Penal Code amendment allows blood doping athletes to be tried for fraud ({{contentCtrl.commentsTotal}})

State coat of arms at Harju County Court (picture is illustrative).
State coat of arms at Harju County Court (picture is illustrative). Source: Siim Lõvi /ERR

The ski doping scandal that enveloped Estonia's national ski team from last year also tested the Penal Code in seeing if sufficient investigation, and punishments for offenses connected to blood doping, would be carried out. A section of the Penal Code does specify doping cases, but can only be used to try distributors or producers. As a result, the code is to be amended.

Urmas Sõõrumaa, head of the Estonian Olympic Committee (EOK), says he has met and spoke on occasion with disgraced national ski coach Mati Alaver since the doping scandal kicked off last February, but has not spoken to the erstwhile trainer about the case itself, as it had been under extensive investigation.

Sõõrumaa evaluated his emotional state in regards to the scandal as: "A lot of disappointment, because I really expected more seriousness from a person so serious and convincing."

Alaver reached a plea bargain with the prosecutor's office last November and was sentenced to a one-year suspended prison sentence for facilitating doping activities. That decision was made on an outdated act however, where doping was considered a medicinal pursuit, and the maximum punishment was a year's imprisonment. The Penal Code has been since amended, preparations for which were initiated right after the scandal blew up in February 2019.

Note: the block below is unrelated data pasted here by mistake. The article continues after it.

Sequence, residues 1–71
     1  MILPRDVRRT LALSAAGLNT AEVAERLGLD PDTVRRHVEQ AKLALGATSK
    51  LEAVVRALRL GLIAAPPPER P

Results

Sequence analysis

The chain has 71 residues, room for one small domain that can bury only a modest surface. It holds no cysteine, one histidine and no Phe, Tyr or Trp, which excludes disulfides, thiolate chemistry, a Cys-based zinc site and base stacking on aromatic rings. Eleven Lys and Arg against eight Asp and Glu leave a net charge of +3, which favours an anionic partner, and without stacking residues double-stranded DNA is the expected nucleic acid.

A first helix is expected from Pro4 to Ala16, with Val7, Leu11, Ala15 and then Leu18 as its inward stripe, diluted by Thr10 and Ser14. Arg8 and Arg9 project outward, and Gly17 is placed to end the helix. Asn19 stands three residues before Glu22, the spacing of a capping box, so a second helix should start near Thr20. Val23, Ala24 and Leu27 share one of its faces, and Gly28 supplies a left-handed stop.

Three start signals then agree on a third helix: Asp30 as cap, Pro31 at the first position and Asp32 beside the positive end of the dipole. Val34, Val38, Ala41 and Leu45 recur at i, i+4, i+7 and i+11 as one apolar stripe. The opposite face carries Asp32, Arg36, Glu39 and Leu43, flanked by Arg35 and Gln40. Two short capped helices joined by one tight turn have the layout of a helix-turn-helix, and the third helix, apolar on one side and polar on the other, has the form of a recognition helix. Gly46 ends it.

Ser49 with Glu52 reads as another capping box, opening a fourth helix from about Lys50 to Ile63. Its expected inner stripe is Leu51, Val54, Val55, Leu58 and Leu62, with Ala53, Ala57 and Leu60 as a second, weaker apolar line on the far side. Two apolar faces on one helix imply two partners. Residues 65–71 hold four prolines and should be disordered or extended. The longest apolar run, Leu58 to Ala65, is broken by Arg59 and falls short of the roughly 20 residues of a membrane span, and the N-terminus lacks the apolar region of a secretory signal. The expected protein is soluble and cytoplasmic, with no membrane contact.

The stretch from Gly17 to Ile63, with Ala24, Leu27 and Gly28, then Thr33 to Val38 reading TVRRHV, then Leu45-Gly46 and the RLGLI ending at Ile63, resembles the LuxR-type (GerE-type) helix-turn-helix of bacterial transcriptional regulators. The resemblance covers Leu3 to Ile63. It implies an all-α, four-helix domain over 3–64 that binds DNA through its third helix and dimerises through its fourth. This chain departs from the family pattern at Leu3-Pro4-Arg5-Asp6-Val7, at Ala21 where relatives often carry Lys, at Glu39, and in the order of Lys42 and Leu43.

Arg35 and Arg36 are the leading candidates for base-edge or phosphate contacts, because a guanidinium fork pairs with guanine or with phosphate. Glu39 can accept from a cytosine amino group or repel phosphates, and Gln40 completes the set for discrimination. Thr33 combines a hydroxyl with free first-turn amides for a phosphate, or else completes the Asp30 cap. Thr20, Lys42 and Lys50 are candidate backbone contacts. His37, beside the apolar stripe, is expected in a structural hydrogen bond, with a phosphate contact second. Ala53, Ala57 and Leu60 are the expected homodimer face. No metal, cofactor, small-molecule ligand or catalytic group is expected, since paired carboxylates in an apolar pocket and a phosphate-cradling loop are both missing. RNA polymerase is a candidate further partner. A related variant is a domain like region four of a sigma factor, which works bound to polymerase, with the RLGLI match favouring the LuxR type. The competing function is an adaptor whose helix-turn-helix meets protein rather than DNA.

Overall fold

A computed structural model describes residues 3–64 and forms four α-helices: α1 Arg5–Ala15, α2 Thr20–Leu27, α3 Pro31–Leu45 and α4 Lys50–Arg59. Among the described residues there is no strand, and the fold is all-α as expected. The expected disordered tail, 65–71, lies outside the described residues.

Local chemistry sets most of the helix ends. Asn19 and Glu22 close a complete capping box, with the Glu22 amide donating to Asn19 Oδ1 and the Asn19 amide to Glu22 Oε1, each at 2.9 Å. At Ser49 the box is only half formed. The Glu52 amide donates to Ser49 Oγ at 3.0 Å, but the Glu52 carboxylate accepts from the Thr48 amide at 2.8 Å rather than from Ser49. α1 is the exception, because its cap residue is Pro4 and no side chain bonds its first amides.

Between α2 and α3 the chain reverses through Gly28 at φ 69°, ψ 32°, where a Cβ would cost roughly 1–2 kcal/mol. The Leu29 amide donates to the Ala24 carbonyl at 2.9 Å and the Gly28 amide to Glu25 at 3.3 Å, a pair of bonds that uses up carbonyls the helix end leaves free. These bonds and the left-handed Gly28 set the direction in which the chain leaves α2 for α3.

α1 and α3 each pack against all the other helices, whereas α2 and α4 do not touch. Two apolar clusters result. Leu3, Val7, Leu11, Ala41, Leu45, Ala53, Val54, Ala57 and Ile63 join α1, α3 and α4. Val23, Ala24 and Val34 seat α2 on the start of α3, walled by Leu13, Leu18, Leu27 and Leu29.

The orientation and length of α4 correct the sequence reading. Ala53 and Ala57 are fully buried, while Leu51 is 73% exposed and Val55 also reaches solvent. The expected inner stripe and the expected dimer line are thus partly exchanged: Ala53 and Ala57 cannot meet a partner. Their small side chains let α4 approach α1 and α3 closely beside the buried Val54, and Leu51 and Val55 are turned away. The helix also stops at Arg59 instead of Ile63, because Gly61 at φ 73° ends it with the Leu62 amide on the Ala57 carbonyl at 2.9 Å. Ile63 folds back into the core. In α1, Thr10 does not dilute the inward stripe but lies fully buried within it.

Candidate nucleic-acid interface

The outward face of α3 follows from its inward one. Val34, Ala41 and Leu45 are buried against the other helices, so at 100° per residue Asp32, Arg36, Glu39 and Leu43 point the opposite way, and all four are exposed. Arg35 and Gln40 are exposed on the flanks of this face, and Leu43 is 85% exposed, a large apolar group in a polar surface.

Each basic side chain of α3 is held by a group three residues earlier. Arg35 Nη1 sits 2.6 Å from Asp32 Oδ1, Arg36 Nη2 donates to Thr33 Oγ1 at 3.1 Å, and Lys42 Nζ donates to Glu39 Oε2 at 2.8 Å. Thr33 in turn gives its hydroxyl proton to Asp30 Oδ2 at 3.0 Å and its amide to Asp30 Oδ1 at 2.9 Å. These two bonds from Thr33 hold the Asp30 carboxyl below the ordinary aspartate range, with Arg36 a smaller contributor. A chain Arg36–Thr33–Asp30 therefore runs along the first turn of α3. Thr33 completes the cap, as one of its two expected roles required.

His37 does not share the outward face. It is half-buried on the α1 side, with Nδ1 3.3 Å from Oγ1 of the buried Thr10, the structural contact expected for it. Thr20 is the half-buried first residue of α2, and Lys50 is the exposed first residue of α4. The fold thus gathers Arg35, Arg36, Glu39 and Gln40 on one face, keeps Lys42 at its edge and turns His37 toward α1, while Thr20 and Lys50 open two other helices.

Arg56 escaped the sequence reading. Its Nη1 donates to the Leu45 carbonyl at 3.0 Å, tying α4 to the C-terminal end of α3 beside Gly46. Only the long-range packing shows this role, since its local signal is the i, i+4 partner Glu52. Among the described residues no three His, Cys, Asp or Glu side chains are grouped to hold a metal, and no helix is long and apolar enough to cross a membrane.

The maximum punishment for doping is now two years, and five for repeat offenses. Doping - basically removing and transfusing back an athlete's blood to give them a performance boost - is no longer considered just a medicinal treatment but also a method. The entire section speaks of doping consumption, marketing, production and distribution, but as things stand would not lead to the proecution of athletes.

The current regulation is considered sufficient by politicians on the EOK's executive committee.

MP Jaanus Karilaid (Center) said: "The greatest punishment for a coach and an athlete is society condemning them and I think the social control and social condemnation is the greatest purge."

MP Hanno Pevkur (Reform) added: "I believe the severity of punishment is not the matter currently. The question is how you can prove guilt and that the section was added, gives the prosecutor's office and investigators opportunities to uncover other doping crimes."

Anne Kruusement, advisor at the Ministry of Justice, said that athletes using doping could theoretically be prosecuted for fraud. A relevant extension to the doping section is still awaiting implementation, however.

Kruusement said: "The section allows for a large ring of actions and persons to be prosecuted. I think we are trying to implement it first, the amendment was put into force on March 1 of 2020 and we can come back to it in the future, if necessary."

Sõõrumaa said further cases are inevitable: "Does not matter which laws society approves, someone will still do it - do the wrong thing - until it endangers life or comes against a law. It will stay among us, what can we do."

Blood doping is an illegal activity in most sports governing bodies' understanding; three Estonian skiers, former double olympic and world gold medallist Andrus Veerpalu, and Alaver himself, were all found to have engaged in the activity following a police swoop at last year's world championships in Seefeld, Austria.

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Editor: Kristjan Kallaste

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